Understanding Customer Spending Behavior during COVID-19 Using Real-time Anonymized Data from Private Companies: An Abstract

Dana E. Harrison, East Tennessee State University
Haya Ajjan, Elon University
Lucy Matthews, Middle Tennessee State University
Prachi Gala, Kennesaw State University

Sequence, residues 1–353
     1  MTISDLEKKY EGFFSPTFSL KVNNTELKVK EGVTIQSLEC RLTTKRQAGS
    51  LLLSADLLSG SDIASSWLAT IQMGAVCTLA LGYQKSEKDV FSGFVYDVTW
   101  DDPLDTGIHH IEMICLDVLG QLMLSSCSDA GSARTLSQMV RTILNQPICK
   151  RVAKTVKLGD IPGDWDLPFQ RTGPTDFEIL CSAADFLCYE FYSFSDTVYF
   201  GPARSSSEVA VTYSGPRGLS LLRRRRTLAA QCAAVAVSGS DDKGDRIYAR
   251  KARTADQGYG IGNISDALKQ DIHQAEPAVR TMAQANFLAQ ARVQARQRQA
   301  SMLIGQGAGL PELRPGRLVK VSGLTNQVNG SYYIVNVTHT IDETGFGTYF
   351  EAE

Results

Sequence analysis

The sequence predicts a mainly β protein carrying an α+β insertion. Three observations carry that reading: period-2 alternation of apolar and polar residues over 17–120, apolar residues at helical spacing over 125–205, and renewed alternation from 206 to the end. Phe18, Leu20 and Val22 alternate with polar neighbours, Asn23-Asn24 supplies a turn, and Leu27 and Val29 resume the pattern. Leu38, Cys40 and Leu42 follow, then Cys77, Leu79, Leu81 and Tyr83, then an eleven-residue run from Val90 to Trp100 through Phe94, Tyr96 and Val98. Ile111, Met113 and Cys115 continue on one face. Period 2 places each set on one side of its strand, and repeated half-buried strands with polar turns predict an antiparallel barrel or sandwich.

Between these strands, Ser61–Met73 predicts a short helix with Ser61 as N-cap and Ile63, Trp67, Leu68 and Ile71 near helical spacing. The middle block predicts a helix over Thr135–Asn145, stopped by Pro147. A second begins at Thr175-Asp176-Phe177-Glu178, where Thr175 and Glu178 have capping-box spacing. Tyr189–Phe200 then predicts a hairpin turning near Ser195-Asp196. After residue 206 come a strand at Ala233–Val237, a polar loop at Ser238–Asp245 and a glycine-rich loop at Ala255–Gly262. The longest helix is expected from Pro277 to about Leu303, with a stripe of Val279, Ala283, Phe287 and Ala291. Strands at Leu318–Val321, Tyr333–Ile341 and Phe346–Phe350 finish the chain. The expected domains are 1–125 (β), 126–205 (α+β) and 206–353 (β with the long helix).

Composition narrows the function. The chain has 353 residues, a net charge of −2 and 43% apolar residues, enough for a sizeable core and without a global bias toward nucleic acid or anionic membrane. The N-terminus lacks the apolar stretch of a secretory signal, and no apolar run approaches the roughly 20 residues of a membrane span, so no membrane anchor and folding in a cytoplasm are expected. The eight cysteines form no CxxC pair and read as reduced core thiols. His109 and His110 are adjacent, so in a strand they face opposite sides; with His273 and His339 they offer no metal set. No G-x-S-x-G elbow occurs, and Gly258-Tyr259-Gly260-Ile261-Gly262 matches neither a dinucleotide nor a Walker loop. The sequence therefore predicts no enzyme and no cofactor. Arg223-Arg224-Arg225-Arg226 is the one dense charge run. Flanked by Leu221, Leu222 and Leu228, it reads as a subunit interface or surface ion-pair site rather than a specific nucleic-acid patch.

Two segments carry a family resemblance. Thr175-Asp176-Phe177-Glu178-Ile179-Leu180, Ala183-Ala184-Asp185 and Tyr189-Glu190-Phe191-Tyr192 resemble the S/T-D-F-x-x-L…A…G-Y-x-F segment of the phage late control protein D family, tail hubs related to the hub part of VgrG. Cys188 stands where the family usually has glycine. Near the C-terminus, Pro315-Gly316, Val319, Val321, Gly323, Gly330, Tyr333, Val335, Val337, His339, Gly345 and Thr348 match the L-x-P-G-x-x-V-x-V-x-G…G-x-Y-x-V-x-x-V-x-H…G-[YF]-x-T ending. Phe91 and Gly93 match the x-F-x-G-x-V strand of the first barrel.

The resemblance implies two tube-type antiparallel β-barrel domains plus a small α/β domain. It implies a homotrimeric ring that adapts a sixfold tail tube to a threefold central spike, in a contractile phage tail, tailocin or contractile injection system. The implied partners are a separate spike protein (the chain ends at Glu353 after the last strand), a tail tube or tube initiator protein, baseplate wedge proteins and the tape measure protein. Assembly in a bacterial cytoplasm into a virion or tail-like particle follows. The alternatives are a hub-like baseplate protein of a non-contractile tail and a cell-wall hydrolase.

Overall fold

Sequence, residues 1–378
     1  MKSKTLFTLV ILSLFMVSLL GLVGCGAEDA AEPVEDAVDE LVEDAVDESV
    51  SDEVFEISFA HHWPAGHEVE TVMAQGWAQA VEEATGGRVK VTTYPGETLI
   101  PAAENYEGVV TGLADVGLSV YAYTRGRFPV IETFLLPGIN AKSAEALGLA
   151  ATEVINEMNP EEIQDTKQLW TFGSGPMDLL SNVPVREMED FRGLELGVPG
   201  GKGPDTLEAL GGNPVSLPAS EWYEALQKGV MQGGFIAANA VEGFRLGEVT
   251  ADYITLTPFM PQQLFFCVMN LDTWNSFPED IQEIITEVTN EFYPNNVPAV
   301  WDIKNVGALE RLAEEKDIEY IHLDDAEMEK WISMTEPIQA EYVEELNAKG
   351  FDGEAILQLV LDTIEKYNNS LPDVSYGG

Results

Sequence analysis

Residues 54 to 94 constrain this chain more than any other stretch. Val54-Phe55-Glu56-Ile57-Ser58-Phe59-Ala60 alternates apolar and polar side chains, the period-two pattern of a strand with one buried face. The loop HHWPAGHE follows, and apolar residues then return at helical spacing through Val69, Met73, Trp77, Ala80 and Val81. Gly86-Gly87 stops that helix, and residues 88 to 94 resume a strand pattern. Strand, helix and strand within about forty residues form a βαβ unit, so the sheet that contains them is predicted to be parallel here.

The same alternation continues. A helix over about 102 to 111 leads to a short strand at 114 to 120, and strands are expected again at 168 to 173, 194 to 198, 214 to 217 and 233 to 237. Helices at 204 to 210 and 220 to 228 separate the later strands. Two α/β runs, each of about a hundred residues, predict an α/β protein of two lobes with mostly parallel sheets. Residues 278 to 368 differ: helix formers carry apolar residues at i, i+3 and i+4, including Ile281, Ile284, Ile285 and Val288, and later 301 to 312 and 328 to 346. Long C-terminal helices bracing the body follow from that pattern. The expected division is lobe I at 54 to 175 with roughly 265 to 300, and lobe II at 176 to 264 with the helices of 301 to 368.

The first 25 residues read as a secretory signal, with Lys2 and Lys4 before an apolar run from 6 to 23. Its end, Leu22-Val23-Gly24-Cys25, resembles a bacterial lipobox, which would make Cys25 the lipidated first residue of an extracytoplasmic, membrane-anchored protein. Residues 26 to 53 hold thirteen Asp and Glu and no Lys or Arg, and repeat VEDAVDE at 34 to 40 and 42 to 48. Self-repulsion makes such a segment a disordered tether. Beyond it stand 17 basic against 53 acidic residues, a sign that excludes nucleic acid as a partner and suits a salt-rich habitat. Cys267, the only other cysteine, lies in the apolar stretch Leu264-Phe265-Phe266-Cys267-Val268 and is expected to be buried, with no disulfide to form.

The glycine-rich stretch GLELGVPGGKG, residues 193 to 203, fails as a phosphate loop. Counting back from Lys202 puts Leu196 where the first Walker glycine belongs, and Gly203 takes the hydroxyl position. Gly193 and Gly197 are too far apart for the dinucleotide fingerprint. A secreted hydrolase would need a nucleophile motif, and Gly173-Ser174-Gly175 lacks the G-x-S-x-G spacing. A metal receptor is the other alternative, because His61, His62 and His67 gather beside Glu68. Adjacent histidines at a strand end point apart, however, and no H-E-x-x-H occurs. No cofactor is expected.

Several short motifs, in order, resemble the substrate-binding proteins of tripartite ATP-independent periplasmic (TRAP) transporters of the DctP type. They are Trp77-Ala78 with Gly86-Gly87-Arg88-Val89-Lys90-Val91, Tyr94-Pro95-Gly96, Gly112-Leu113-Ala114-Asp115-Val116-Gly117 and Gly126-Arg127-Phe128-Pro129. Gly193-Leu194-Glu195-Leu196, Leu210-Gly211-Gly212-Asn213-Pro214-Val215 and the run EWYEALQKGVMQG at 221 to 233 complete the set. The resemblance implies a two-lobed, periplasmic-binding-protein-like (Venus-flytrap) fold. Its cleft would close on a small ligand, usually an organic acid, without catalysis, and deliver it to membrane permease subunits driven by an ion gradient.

The COVID-19 pandemic has significantly disrupted the global economy at an unprecedented scale since its start in early 2020. Furthermore, it is estimated that a third of the workforce in the U.S. changed to work from home (Brynjolfsson et al. 2020). As consumers are spending more time at home, data shows that panic buying changed demand for items such as hand sanitizer and toilet paper. The increase for certain categories in consumer spending during the pandemic has been accompanied by a spike in the utilization of e-commerce channels. COVID-19 accelerated consumers move to purchasing goods online versus traditional physical stores by five years (Perez 2020). According to the U.S. Census Bureau, consumers increased their e-commerce spending to $211.5 billion during the second quarter, an increase of 31.8% quarter over quarter (Palmer 2020). The sudden nature of the changes related to COVID-19 purchase behavior makes it harder for marketers to respond effectively. As research on the topic of COVID-19 is starting to appear in the literature, there is not enough work in the area of consumer purchase behavior. In this paper, we utilize three real-time datasets to understand customer dynamics from March 2020 to December 2020 during the pandemic. Combining these data sources allows us to enhance our understanding of the general purchasing behavior at city level during the pandemic. We identify product categories that were the primary drivers of a sharp increase (decrease) in spending and the extent to which this increase (decrease) was maintained over time. We also shed light on stressors such as the number of COVID-19 cases and death by city and their impact on time spent at home and retail stores. By doing so, we contribute to the literature on panic buying which is still not well understood in the literature (Barnes et al. 2020).